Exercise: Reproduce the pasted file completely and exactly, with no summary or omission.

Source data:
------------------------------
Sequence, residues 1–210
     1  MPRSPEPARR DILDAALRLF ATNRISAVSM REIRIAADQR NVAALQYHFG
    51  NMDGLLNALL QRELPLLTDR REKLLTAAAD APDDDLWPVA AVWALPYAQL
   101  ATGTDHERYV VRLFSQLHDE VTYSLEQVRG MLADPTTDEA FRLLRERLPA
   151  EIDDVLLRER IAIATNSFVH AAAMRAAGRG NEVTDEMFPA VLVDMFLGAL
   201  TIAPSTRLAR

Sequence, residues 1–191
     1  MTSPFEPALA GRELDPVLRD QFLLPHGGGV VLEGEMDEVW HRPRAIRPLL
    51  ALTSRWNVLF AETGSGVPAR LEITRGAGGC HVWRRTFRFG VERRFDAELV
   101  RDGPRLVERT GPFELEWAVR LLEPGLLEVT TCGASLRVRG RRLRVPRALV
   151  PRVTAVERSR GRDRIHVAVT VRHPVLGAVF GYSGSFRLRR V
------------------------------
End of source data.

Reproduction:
Sequence, residues 1–210
     1  MPRSPEPARR DILDAALRLF ATNRISAVSM REIRIAADQR NVAALQYHFG
    51  NMDGLLNALL QRELPLLTDR REKLLTAAAD APDDDLWPVA AVWALPYAQL
   101  ATGTDHERYV VRLFSQLHDE VTYSLEQVRG MLADPTTDEA FRLLRERLPA
   151  EIDDVLLRER IAIATNSFVH AAAMRAAGRG NEVTDEMFPA VLVDMFLGAL
   201  TIAPSTRLAR

Sequence, residues 1–191
     1  MTSPFEPALA GRELDPVLRD QFLLPHGGGV VLEGEMDEVW HRPRAIRPLL
    51  ALTSRWNVLF AETGSGVPAR LEITRGAGGC HVWRRTFRFG VERRFDAELV
   101  RDGPRLVERT GPFELEWAVR LLEPGLLEVT TCGASLRVRG RRLRVPRALV
   151  PRVTAVERSR GRDRIHVAVT VRHPVLGAVF GYSGSFRLRR V